‘Cities’ are complex entities that include, to name a few, urban clusters, various land uses, urbanites, written records, urban form, resources, networks, and systems. Spiro Kostof’s book, The City Shaped, is a one-of-a-kind investigation into the birth and evolution of a city, as well as the processes and parameters that shape it. It provides historical and cultural overviews of the city before digging into the intricacies of the city’s components. Thematically, the book revolves around the structural phenomena of cities – specifically, the forces influencing the city’s shape. It investigates the practicalities and prejudices that underpin the elements of a city’s inception.
Cities fall into two categories. The first is the ‘planned’ or ‘designed’ or ‘created’ or ‘inorganic’ city, while the other is the ‘spontaneous’ or ‘grown’ or ‘generated’ or ‘organic’ city. According to Spiro Kostof, no city is unplanned, no matter how haphazard its form. He gives a glimpse of how cities came into being and how they have changed over time. Non-physical factors such as social conventions and legislation also play a vital role in shaping cities.
Moreover, the city is analogous to a living organism, with lush-green urban open spaces serving as the city’s ‘lungs,’ the city centre acting as its ‘heart,’ and the streets serving as its ‘arteries.’ The master plan below appears to adapt to the context to achieve a nature-related form. The beauty of today’s modern cities, on the other hand, is marked by the juxtaposition of both ‘organic’ and ‘inorganic’ urban fabric.
For planned cities, the most common pattern is a grid-iron network of roads. The urban grid divides land equally and is a reflection of the social hierarchy and territorial aristocracy. Historically, the grid aided in the establishment of ordered settlements, military arrangements, and industrial planning. Ancient cities like Mohenjo-Daro and Harappa exhibited signs of adopting a grid plan, such as roughly equal-size blocks and a clear delineation between streets and alleys. On the other hand, this rectilinear settlement planning has several drawbacks, such as the equitable distribution of urban open spaces and urban blocks’ size, shape and layout.
The City as Diagram
In their purest form, ‘utopias’ are generally short-lived. As soon as reality sinks in, the city evolves. Palmanova (1593) is a peculiar example of an ‘ideal’ city with a perfectly shaped nine-sided polygon in Italy. Salt Lake City, in India, is yet another large-scale modernist ‘ideal’ city. It had its roots in industrialization when social reformers like Le Corbusier and Ebenezer Howard addressed the issues associated with the development of industrial towns. Three forms of urban matrices are merged into the shape of this metropolis: radial, orthogonal, and linear, ensuring unity in diversity and an intelligible urban structure.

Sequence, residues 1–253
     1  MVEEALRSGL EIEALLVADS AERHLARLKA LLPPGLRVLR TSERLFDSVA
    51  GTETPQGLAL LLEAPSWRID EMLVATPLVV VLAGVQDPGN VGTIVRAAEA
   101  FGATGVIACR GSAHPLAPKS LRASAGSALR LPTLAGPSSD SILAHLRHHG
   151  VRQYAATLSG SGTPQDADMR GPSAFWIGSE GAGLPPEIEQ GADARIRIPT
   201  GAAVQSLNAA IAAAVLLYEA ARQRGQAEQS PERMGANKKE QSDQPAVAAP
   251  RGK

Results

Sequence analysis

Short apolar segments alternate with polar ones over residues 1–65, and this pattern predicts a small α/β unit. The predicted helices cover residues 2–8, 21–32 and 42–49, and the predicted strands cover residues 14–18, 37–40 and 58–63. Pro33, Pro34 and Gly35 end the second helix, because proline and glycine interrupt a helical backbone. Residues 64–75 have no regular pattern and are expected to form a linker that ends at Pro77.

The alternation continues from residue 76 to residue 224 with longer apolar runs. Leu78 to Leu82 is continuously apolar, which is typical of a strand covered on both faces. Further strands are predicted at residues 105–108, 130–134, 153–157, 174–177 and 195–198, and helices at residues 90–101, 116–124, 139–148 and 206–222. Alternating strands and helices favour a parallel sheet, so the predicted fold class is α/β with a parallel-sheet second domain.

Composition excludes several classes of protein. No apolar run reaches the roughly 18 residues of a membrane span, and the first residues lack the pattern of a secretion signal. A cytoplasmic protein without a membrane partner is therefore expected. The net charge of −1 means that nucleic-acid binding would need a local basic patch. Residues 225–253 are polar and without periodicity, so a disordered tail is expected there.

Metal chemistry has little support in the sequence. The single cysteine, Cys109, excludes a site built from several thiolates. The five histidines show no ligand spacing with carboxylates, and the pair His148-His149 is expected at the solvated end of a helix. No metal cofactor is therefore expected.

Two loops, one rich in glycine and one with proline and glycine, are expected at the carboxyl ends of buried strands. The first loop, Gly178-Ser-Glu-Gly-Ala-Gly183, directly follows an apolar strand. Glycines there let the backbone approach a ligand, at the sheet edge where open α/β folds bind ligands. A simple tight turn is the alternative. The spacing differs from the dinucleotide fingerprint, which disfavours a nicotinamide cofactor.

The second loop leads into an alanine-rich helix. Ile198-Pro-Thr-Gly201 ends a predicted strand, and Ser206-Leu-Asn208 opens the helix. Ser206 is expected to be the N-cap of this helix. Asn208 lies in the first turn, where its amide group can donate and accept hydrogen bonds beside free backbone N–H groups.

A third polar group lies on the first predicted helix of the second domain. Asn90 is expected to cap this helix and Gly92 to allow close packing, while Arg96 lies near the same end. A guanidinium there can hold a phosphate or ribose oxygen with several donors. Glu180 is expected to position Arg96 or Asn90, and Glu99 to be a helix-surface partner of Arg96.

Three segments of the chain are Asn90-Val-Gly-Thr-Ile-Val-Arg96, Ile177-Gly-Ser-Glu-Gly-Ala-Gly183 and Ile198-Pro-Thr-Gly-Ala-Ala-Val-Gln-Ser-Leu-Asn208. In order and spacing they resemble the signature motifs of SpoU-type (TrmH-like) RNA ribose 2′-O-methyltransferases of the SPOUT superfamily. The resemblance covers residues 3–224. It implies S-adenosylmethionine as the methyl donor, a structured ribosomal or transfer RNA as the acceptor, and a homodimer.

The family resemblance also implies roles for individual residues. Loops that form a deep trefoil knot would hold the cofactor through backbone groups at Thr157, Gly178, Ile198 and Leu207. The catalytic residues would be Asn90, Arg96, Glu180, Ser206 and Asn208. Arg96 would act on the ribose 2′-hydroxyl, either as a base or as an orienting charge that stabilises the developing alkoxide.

Furthermore, cities like Angkor Wat, Cambodia, and Varanasi, India, are prominent examples of concentrated sanctity with religious symbolism manifested in their physical and spatial structure. Overall, “all ideal city-forms are a little dehumanizing,” says Spiro Kostof. Life, it appears, cannot be regimented, except in entirely artificial units such as monasteries, cantonments, and concentration camps where people submit either voluntarily or reluctantly. The city as a diagram is the story of fantasists seeking the intricacy and depth of an urban structure without dealing with the realities of urban life.
The Grand Manner
Grand Manner refers to “an idealized aesthetic style derived from classical art” (HiSoUR, 2021). The capital of the United States, Washington, D.C., is a perfect example of a Grand Manner City. It is planned constructively as an amalgamation of the grid structure, radial avenues, and green cover. The Grand Manner has a unique relationship with the concept of theatre design, emphasizing the creation of temporary environments and enriching the spatial experience. Spiro Kostof also lays stress on the elements and characteristics of the Baroque aesthetic, such as the focal point, views, landscape, and topography.
The Urban Skyline
The line where the earth and the sky meet has traditionally been called the ‘skyline.’ Before the Industrial Revolution, the urban skyline was dominated by buildings of communal significance, having religious or political power. The influx of industries and subsequent technological advances caused a muddle of skyline priorities. In recent years, cities have undergone modernization and a surge in real estate demand. ‘Skyscrapers’ now satisfy humanity’s desire to aspire for the stars and their fascination for reaching enormous heights.
Today’s ‘ideal’ city is the one that can sustain itself, its inhabitants and come to the rescue in times of adversity. In the 21st century, cities have evolved much beyond our imagination and control. They are currently transforming at two major scales: the first is at the built environment level, with real estate development regulating the urban form, while the other is at the level of urban governance. However, there is still a pressing need to bridge the urban divide, eradicate spatial injustice, and make our cities more inclusive.
 HiSoUR, 2021. GRAND MANNER: Art Style. [Online] Available at: https://www.hisour.com/grand-manner-21974/ [Accessed 30 October 2021].